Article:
Our mission is to protect the habitat of Puget Sound tidelands from the underregulated expansion of new and intensive shellfish aquaculture methods. These methods were never anticipated when the Shoreline Management Act was passed. They are transforming the natural tideland ecosystems in Puget Sound and are resulting in a fractured shoreline habitat. In South Puget Sound much of this has been done with few if any meaningful shoreline permits and with limited public input. It is exactly what the Shoreline Management Act was intended to prevent.

Get involved and contact your elected officials to let them you do not support aquaculture's industrial transformation of Puget Sound's tidelands.

Governor Inslee: https://fortress.wa.gov/es/governor/
Legislative and Congressional contacts:
http://app.leg.wa.gov/DistrictFinder/

Additional information
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Monday, January 31, 2011

Thurston County geoduck farms require SDP














Henderson Inlet Geoduck Farm, 2007. PVC tubes are covered by huge canopy nets.

The large geoduck farm shown in this photo taken in 2007 was developed before the question of the appropriateness of intensive industrial geoduck farming on fragile Puget Sound tidelands became the concern of so many people as well as the County. This Army Corp of Engineers NWP48 submission documents some of the properties in this area on Libby Road leased for geoduck farming.

This Order on Summary Judgement affirms the Thurston County Hearings Examer decision that applications for geoduck farms now require a Substantial Development Permit to go forward.  It was based on two properties in the same vicinity at the photo above. Taylor Shellfish will likely appeal this conclusion by the Hearings Examiner asking for reconsideration by the County Commissioners, next (or instead) as an appeal to the State Shorelines Hearing Board, and next as an appeal to a higher court.

Summary of Order taken directly from the document:

1. The Department's summary judgment motion that the proposed geoduck operations are a "development" under the SMA because they involve "construction of a structure" is granted. The Appellants' summary judgment motion on the same issue is denied. The first ground of the administrative determinations on appeal, that the placement of tubes and netting on the beach constitutes construction of a structure and consequently a development, is upheld.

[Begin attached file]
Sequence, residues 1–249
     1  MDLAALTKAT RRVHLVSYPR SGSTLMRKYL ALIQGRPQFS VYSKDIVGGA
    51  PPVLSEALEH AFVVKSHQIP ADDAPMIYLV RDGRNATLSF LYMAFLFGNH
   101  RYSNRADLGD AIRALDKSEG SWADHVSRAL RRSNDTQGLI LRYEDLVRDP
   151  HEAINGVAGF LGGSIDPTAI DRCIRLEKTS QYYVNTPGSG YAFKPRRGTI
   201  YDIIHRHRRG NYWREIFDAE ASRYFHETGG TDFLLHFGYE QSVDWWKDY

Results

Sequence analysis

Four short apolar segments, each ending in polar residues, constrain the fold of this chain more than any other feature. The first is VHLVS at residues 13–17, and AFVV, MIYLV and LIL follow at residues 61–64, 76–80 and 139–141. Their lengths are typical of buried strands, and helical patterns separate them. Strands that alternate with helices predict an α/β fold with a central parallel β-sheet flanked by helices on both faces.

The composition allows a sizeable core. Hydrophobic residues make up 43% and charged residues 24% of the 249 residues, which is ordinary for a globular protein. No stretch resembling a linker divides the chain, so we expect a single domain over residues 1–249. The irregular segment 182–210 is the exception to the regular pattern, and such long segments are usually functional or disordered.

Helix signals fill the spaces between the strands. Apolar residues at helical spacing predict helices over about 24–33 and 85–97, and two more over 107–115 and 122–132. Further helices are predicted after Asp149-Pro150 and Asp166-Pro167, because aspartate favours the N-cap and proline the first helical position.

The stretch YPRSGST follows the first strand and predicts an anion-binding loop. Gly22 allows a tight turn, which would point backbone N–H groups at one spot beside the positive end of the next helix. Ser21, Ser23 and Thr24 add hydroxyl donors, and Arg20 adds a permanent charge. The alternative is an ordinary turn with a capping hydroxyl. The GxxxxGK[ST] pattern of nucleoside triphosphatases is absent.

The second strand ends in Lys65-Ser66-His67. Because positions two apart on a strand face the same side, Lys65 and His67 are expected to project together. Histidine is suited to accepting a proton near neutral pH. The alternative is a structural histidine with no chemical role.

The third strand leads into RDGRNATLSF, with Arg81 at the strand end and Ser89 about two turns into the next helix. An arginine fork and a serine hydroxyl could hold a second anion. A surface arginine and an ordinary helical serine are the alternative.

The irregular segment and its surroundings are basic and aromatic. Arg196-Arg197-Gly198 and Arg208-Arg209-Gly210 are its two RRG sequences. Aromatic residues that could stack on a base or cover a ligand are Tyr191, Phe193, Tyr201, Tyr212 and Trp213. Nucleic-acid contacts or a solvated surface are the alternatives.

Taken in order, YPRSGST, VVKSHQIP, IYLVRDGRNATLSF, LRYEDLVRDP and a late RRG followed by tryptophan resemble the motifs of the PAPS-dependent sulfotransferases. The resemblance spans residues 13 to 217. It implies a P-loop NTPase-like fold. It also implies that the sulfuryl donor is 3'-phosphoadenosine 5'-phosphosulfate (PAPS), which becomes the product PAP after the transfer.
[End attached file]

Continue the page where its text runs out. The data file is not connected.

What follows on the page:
2. The summary judgment motions by the parties on whether the proposed operations are a "development" under the SMA because they involve "removal of any sand, gravel, or minerals" are denied due to the presence of genuine issues of material fact.

3. On the third ground of the administrative determinations, whether the tubes and netting serve as an obstruction on the beach, summary judgment is granted in favor of the Appellants on the issue of sediment movement: the proposed operations are not developments due to their effect on the movement of sediment. Summary judgment is not entered at this time on the other issues relating to this third ground, due to the need for further examination of the public trust doctrine and review of whether any Shoreline Hearings Board decisions address whether the "placing of obstructions" includes obstructions to marine life.

4. The effect of the above decisions is that the proposed operations are deemed "developments" under the SMA under the first ground of the administrative determinations, requiring a substantial development permit for the proposals. Thus, unless this determination is reversed, a hearing on a substantial development permit is required for the proposed operations, and the appeals of the other grounds of the administrative determinations are mooted, as well as the motion in limine.

Dated this 21st day of January, 2011.